At the beginning of February mom had told Dion early one Friday morning while she got ready for work that she was gonna stop dialysis on her birthday which is 18 February. It happened to be at Dr. appointment day and I was picking mom up so when I got to her house she told me. And then she told Dr. Clyne. The next day she had changed her mind. She had a good day playing games with Ashley and sit up and talking with Dion. I wonder now if she just scared herself.

Yesterday I took mom to see Dr. Barnes because she could hardly breathe. I had been at her house on Wednesday to take her to the doctor but she didn't want to go. So Wednesday night late she called me and she said please get me in to see Dr. Barnes I need to know what's going on with me. She didn't realize if she had a cold or flu, Dion had been sick the week prior. Mom had a very difficult time getting herself ready meaning her coat on and shoes on and then out to the car. I'd never seen it so tough for her to breathe. Congestive heart failure was taken in big time.

On the way to Dr. Barnes office that Thursday, mom looked at me and said I wish God would take me right now. Her blood oxygen level was 73. He asked her she would go to the hospital and she said no. He said I can try and patch you up if you want to be at home, or is it time for other end-of-life decisions. Because mom had talked with him about hospice a couple of times. Mom hung her head and she said I don't know what I want. Making decisions for mom has never been easy, she'd rather somebody else made them her life made the decision.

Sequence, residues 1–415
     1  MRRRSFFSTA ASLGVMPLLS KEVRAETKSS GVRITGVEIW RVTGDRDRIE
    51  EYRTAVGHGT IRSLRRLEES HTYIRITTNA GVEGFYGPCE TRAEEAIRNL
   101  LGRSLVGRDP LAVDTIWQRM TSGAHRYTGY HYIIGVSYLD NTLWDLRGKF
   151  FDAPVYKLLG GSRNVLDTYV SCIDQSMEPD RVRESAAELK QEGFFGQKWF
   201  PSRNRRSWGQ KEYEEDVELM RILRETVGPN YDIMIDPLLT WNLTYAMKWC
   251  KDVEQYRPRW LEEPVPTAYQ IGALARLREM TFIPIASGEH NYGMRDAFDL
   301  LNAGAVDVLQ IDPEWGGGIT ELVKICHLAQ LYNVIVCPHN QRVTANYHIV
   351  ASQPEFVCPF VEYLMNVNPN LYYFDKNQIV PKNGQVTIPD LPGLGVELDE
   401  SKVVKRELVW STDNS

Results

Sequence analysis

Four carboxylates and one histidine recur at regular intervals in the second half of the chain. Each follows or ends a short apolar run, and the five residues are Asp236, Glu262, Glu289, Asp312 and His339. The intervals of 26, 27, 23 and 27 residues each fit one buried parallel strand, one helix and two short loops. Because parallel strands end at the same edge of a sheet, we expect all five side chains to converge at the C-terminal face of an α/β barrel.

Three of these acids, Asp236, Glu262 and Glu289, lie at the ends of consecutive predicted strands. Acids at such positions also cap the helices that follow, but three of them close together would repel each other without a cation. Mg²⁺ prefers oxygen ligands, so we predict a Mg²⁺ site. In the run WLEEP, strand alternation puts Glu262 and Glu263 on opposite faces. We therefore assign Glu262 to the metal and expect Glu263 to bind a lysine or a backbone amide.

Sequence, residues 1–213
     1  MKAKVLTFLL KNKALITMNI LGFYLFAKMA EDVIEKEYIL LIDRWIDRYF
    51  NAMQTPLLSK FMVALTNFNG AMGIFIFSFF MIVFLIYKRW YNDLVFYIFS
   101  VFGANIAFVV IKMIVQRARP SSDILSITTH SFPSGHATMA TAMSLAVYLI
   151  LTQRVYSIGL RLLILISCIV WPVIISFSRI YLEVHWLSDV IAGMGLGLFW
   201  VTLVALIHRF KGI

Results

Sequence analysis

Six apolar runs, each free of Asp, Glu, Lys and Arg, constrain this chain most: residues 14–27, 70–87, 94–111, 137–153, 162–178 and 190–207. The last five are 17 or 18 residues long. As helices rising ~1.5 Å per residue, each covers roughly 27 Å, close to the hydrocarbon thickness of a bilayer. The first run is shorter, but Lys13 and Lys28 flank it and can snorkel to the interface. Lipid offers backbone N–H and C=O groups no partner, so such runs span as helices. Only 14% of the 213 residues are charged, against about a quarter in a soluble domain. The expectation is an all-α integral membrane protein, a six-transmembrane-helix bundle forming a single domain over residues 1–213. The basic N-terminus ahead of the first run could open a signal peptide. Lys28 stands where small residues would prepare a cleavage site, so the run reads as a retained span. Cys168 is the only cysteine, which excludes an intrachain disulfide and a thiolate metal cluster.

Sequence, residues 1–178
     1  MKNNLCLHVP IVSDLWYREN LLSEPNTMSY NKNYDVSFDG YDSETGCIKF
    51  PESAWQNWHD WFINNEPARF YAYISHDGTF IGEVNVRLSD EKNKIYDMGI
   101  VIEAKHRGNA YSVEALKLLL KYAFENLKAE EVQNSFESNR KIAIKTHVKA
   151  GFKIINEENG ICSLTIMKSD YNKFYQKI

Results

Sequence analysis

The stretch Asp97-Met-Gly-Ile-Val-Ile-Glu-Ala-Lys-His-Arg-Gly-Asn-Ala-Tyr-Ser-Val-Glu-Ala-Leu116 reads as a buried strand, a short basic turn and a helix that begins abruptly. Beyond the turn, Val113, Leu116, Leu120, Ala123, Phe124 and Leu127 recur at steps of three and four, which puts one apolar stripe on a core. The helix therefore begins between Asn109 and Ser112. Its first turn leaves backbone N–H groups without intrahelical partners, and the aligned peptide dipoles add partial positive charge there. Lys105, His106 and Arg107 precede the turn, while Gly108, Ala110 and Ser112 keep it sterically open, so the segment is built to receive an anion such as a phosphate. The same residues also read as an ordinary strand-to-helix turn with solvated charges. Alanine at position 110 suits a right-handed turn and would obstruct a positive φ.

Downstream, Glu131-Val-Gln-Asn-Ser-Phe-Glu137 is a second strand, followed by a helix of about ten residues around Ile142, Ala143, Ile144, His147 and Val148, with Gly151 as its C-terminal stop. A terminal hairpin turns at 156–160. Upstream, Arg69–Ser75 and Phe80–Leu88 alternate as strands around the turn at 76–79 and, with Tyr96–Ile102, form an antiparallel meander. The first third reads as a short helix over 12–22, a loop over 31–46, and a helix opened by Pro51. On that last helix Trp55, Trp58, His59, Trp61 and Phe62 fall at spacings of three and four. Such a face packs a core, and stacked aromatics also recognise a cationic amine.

Today, Mom decided enough is enough. She let Dion and I know that she was going to stop dialysis. The three of us talked for a little while and I asked if that meant it was time to call hospice and mom said yes. She had talked to the folks from hospice a few months earlier so that she understood what would be involved.

Mom seemed to relax after making the decision or at least sharing it with us, I think she was relieved. After Dion and I talked for little while I went in to say good night to mom to let her know that I was going home. I kissed her and said, "I love you mom".A she smiled and looked back at me and said, "I love you, never forget that." I said.  "I won't mom and I want you to know this mom because I know sometimes you wonder doubted it you've been a wonderful mother to me and to all of us. Thank you." I started so sing softly, "I love you a bushel and a peck; a bushel and a pack and a hug around the neck... Mom joined me as good as she could and we sang the little song the Barney song that she had so often sung with her granddaughters.

Tonight we begin a new chapter in the story of Beattieville. I don't necessarily like it. Yet I know it's time for my mom, the struggle is over. God carry us through the next little while.